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Wednesday, January 31, 2007

Trade Tricks: Getting Coverage

Use professional motion picture techniques to improve your videos

Labels: Video How ToHow To

TT: Getting Coverage

Though it's easy to believe that a movie is totally made on a location or set, a film actually comes together in the editing room. The shoot produces the raw material needed for the final result, but it's the editor who puts the pieces together into a seamless, interesting package. Yet, no matter how talented the editor, his or her skills mean little if he or she doesn't have enough to work with, and this applies to editing your own videos, too.

Coverage refers to a variety of shots that are taken to record a scene: wide shot, medium shot, close-up. Examine any film and you'll discover that scenes, even the briefest ones, consist of several different shots. It's rarely just a static camera left to run until the film or tape runs out.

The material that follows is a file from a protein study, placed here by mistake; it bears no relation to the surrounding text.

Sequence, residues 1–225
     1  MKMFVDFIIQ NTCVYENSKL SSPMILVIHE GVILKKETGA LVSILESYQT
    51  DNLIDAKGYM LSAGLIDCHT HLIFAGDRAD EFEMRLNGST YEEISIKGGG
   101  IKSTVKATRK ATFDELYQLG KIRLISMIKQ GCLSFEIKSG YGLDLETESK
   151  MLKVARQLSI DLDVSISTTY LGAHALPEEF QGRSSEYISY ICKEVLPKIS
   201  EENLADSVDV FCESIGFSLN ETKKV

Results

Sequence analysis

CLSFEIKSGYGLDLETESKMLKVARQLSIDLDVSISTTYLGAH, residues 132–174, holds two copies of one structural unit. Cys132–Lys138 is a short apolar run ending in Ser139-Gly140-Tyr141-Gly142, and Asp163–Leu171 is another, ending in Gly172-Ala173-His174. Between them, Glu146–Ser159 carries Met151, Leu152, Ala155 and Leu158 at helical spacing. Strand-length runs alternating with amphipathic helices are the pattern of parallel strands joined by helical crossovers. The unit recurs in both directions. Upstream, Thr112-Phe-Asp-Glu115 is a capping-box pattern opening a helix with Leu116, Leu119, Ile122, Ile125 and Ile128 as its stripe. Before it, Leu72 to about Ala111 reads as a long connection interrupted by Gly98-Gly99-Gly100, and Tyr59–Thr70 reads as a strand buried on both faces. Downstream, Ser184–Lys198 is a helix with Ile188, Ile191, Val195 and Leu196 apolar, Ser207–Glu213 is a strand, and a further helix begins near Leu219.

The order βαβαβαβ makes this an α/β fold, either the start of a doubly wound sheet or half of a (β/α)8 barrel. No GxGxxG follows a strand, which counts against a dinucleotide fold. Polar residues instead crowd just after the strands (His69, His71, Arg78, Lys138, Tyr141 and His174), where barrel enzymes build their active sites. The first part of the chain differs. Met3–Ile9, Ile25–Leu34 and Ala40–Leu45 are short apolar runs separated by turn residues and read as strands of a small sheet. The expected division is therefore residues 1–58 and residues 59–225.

You can improve the quality of your own videos by ensuring you have sufficient coverage of any "scene" you're shooting.

Wide Shot. The first shot of a scene is also called the establishing shot. It tells viewers where the scene is located. It could be a city skyline, a small cottage next to a cornfield, a baseball diamond. The shot immediately establishes the location and provides a sense of place and time.

If you're shooting a birthday party, you might start with a shot of the house where it's being held. If you're on vacation, you might get a wide shot that includes a popular landmark: Big Ben, the Eiffel Tower, the Golden Gate Bridge. This first shot doesn't have to be lengthy. You only need several seconds to register "where" you are.

 


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